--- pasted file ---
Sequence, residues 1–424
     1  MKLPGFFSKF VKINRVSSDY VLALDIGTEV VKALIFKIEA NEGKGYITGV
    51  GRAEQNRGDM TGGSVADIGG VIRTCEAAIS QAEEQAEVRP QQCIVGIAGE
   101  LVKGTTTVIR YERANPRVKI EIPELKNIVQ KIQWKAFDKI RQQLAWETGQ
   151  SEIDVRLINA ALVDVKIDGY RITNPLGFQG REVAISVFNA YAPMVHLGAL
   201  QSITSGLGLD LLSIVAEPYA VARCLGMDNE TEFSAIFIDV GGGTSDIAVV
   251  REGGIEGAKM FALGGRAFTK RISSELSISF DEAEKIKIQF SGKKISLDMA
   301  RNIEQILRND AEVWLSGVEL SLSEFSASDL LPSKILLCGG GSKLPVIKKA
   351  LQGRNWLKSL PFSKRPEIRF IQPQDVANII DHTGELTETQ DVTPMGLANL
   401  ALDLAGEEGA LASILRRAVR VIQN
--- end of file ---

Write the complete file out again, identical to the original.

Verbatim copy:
Sequence, residues 1–424
     1  MKLPGFFSKF VKINRVSSDY VLALDIGTEV VKALIFKIEA NEGKGYITGV
    51  GRAEQNRGDM TGGSVADIGG VIRTCEAAIS QAEEQAEVRP QQCIVGIAGE
   101  LVKGTTTVIR YERANPRVKI EIPELKNIVQ KIQWKAFDKI RQQLAWETGQ
   151  SEIDVRLINA ALVDVKIDGY RITNPLGFQG REVAISVFNA YAPMVHLGAL
   201  QSITSGLGLD LLSIVAEPYA VARCLGMDNE TEFSAIFIDV GGGTSDIAVV
   251  REGGIEGAKM FALGGRAFTK RISSELSISF DEAEKIKIQF SGKKISLDMA
   301  RNIEQILRND AEVWLSGVEL SLSEFSASDL LPSKILLCGG GSKLPVIKKA
   351  LQGRNWLKSL PFSKRPEIRF IQPQDVANII DHTGELTETQ DVTPMGLANL
   401  ALDLAGEEGA LASILRRAVR VIQN